They confirmed with the governors that “testing is now available in all state labs.”

In fact, over 1 million tests have been distributed, and “another four million will be distributed by the end of this week,” Pence said. The Trump administration has faced criticism for an initial shortage in testing capabilities.

That testing capacity and availability will see a “dramatic increase” with the deployment of the commercial labs.

Dr. Deborah Birx, who was appointed to the Task Force in late February, said that they had outlined community guidance designed to inform people in practical but detailed ways how to keep safe at home, at work, at school, and in public areas and institutions.

This information can be found on the website www.coronavirus.gov.  People are urged to read and follow the guidelines.

We believe, she said that “communities are at the center” of the prevention efforts.

Dr. Anthony Fauci, another member of the Task Force, noted that “these [recommendations] are really simple low-tech things, there’s nothing in there that’s complicated.”

Asked if the president had been tested, Pence said he didn’t know, but would find out.  He did confirm that he himself has not been tested.

It was also announced that the Grand Princess cruise ship docked Monday afternoon in Oakland, California.

All 25 children on board have been found to be healthy. The 21 people who have tested positive for the disease are all in proper isolation.

By the end of Monday, all California passengers were to be moved to Travis Air Force Base for quarantine. At the same time, Canadians are being readied to return home charter flight; other foreign citizens will be similarly returned to their home countries.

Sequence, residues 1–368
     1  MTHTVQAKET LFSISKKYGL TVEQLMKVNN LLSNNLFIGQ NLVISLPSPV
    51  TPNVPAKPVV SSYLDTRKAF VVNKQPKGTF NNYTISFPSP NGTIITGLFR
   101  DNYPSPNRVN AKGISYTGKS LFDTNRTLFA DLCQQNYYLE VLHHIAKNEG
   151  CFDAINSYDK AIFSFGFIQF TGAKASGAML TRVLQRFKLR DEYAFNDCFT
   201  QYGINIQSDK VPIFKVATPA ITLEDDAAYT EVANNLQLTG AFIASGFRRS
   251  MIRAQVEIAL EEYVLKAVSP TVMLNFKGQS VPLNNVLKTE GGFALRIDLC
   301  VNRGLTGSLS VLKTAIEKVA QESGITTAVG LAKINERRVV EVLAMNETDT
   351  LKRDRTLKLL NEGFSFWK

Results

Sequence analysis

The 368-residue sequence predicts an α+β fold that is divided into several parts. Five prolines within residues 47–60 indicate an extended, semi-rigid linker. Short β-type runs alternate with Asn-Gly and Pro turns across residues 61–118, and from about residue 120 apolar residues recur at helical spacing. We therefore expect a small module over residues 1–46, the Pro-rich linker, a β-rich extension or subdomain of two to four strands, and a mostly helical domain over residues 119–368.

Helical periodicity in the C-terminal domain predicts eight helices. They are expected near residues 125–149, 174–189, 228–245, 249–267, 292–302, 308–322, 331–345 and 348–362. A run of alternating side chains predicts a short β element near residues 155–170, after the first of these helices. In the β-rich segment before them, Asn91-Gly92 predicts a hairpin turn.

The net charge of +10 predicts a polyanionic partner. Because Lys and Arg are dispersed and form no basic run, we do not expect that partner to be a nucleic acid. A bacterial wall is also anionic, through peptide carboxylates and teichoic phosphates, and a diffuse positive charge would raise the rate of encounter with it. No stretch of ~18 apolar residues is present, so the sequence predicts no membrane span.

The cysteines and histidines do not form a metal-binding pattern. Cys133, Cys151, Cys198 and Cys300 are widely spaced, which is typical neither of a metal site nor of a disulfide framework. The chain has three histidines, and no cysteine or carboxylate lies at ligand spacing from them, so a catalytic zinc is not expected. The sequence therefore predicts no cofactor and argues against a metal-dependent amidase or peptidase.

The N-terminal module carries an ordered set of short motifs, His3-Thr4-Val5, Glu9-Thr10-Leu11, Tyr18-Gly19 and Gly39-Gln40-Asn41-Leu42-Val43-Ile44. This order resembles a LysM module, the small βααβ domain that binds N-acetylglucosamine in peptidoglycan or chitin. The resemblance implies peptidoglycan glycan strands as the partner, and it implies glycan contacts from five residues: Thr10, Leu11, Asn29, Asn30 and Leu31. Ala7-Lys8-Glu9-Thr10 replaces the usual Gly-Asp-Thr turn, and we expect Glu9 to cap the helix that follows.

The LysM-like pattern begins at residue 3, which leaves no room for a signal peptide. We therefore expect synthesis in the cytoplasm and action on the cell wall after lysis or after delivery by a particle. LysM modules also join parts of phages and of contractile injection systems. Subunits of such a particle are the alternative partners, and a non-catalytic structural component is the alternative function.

The remaining American passengers will be sent to Georgia and Texas; all will be tested.

The crew of the Grand Princess will be quarantined onboard, the Task Force said.

Turning to the economy, Secretary of the Treasury Steve Mnuchin said that yesterday’s stock market decline was due to an “unprecedented move in the oil markets.”

All in all, Mnuchin said that the United States “has the most resilient economy in the world.”

Not only that, he said, “We are committed that whatever support we need to provide to the U.S. economy, we will use all the tools” available.

“There are parts of the economy that are going to be impacted,” Mnuchin said, but “we’ll be working on a program to address that.”

Another press conference will be held today by the president and his Task Force, focusing on the outcomes of the Senate meetings that will take place.

It is very hard to imagine Xi Jinping chairing a free-flowing news briefing like the one which Trump and Pence held last night and will hold again tonight. Tough questions were asked, and mostly answered (with the exception of Trump’s own testing status, after he was seen shaking hands with a congressman who is now in self-isolation).  Plans and discussions with other members of the government were announced, even if the results are yet inconclusive.

Mostly, however, briefings such as these, however imperfect or incomplete the information may be at the time of the update, let a population know that their government is on the job, and serving them.

In the wake of over 3,000 deaths worldwide, but mostly in China, one would hope the Chinese government would heed the calls from many within its own borders to respect freedom of expression, and professional insights when they are given.

Ironically, even Dr. Li Wenliang, who raised an early warning about a new coronavirus, and who later died of the disease, knew he was taking a risk by informing his former medical school classmates about the new strain of what he originally called SARS.  Li, reported to be a Party member himself, seemed to have known that he couldn’t trust his own CCP to handle the information wisely, and with the health of the nation as its first priority.